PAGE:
written by Charles J. Winter (1910) Some chaps get the fat and some chaps get the lean, When they start on their journey thro' life. Some makes pots of money by being M.P.s And some gets it by taking a wife. Some learns a good trade such as Dustman or Sweep Which the same I'd have done if I'd knowed But the special profession I've drifted to now Is 'Minding a 'ole in the road'. As a rule it's a nice quiet comfortable job... But there's times when I've hated the work For instance I once had to go Christmas Day On a job which I'd tried hard to shirk. I minded that 'ole, sir, the whole blessed day, Till my dinner and teatime had gone, And my Christmas dinner (if any was left) I should have when relieved later on. At home we'd some friends and we'd got a big goose, And I'd ordered a half ton of coal, Yet here was I sitting at seven P. hem A-shivering in front 0' my 'ole. And I thought of them all making merry at home, Stuffed with goose from their heads to their toes, They'd just about leave me a cut off the beak, Or the end of the Parson's nose. And I sat quite despondent and dozed half asleep, I was feeling quite humpy and sore, When from one of the big houses just on my right A swell flunkey stepped out through the door. He came straight to me and he said with a bow, Which made his gold lace gleam and shine, 'The Countess's compliments as you're alone She'll be pleased if you'll step in and dine.' Well I very near dropped to the ground with surprise, For it wasn't a safe thing to do. What if thieves came and pinched a great heap of them stones, Or 'opped off with a drain-pipe or two? Then I thought of the Countess's kindness of 'eart How she'd thought of me lonely outside, So I scraped the clay off my boots with a spade And I follered the flunkey inside. And there sat the Countess all merry and bright With diamonds and jewels all a-glow, In a silk dress which must have cost nigh twenty pound, Though there wasn't much of it you know. Her husband the Viscount was there at her side, While the waiters flew round with a whizz, And in half a jiff I was seated with them A-eating and shifting the fizz. The Viscount he drank to my jolly good health As he took from his wine-glass a pull, I only just nodded - I couldn't say much For my mouth, like my heart, was too full. When we'd finished, us gents all puts on a cigar, And the perfume was simply sublime, By the bands that was on 'em, why I'll guarantee They must have cost fourpence a time. Then the ladies they starts playing 'Kiss-in-the-ring' And the Countess enjoyed the game too, When she gets in the ring she just turns straight to me And she says, 'Mr. Nobbs, I'll have you.' Oh, I didn't now which was my 'ead or my 'eels, It was like being in Fai-ry-land, But I threw down my smoke and I wiped my moustache, Just like this... with the back of my 'and. She put up her lips looking saucy and sweet, And I blushed as towards her I stole, I bent forward and then I woke up just in time. Or I might have fell clean down the 'ole.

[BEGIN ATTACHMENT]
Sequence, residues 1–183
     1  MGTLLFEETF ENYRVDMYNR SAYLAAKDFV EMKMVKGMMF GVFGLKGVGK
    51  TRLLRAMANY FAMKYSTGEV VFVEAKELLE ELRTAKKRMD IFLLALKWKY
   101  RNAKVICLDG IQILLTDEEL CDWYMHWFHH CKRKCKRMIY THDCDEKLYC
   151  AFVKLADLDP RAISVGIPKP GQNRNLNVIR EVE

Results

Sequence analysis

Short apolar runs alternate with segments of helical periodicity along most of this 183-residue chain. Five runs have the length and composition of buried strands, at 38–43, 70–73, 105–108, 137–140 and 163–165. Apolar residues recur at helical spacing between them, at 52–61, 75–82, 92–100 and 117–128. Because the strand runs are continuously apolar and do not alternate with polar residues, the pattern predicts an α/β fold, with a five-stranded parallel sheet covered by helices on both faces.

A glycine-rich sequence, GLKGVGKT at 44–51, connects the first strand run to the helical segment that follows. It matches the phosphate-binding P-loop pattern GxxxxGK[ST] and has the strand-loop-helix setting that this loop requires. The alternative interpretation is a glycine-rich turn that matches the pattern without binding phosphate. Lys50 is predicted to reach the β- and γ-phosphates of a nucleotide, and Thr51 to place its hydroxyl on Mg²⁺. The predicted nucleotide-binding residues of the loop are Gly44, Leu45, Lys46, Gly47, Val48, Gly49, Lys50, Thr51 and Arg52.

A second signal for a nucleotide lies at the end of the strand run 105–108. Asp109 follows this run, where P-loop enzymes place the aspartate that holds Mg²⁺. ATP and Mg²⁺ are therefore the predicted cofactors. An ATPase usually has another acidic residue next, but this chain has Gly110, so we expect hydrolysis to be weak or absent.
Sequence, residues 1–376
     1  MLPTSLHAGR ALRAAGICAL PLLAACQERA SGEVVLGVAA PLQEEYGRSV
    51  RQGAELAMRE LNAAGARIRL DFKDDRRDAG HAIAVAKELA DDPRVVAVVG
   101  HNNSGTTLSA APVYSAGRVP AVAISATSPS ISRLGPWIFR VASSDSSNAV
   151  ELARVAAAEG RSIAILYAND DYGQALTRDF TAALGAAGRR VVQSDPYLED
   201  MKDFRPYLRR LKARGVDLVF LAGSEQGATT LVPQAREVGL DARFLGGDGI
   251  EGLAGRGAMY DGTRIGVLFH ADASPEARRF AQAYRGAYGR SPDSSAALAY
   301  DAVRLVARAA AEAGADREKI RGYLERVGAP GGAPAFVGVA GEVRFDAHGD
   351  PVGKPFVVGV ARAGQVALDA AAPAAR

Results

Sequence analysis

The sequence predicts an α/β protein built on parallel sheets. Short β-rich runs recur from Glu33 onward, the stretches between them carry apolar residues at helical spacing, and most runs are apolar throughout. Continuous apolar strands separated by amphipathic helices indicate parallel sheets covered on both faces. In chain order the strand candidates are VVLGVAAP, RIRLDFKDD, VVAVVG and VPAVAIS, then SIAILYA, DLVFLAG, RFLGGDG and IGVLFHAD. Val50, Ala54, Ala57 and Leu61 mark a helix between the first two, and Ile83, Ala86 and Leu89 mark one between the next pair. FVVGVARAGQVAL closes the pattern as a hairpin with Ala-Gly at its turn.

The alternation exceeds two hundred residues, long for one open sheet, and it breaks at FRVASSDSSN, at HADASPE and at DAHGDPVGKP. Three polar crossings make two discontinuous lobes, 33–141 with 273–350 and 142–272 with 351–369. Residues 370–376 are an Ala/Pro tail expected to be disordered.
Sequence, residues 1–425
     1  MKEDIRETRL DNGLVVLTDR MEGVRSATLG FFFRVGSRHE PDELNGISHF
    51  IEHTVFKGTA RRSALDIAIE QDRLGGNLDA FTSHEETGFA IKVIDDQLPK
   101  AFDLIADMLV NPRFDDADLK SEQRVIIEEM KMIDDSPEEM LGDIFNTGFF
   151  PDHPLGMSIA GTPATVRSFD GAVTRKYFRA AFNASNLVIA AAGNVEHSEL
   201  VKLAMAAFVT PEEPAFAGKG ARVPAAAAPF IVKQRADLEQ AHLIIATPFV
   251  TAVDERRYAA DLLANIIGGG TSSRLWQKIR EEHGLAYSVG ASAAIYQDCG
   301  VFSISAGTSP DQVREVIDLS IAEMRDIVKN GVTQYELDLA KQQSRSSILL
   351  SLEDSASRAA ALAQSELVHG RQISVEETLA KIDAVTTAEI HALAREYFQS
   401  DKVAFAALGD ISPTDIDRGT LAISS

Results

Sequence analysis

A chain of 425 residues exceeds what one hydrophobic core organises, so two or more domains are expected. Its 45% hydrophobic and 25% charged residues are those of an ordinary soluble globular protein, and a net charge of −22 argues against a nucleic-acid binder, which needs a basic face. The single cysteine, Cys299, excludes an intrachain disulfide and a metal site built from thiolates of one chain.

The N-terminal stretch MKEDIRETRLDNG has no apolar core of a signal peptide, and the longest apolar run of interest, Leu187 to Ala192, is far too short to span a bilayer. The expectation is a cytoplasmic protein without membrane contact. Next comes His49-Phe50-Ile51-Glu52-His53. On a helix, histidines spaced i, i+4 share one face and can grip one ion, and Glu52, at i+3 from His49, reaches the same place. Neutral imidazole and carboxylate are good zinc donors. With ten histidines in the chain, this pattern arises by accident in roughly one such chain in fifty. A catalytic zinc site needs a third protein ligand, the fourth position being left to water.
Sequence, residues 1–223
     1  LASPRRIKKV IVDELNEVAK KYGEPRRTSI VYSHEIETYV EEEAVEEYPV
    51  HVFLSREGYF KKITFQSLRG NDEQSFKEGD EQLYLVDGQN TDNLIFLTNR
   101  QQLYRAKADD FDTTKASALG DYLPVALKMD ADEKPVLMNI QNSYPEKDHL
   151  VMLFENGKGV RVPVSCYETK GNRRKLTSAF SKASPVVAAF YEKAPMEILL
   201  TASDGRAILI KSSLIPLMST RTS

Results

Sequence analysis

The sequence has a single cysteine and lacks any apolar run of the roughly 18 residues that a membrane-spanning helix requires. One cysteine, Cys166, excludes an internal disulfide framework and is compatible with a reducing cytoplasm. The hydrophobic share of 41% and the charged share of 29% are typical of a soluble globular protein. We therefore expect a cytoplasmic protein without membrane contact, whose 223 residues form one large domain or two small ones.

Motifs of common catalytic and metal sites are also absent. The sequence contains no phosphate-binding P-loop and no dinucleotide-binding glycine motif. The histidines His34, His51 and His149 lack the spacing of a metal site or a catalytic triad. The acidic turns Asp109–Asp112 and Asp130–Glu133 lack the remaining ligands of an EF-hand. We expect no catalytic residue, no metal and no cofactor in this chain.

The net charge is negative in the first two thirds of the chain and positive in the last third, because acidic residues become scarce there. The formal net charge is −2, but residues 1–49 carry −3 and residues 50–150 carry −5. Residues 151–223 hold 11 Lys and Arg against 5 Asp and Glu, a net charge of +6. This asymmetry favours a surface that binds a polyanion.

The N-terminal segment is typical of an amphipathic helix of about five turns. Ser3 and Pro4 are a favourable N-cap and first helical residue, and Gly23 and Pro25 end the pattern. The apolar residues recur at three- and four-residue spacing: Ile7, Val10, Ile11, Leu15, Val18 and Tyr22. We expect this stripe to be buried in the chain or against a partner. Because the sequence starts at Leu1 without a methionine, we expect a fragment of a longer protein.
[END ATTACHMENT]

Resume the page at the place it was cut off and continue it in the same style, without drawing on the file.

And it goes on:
The end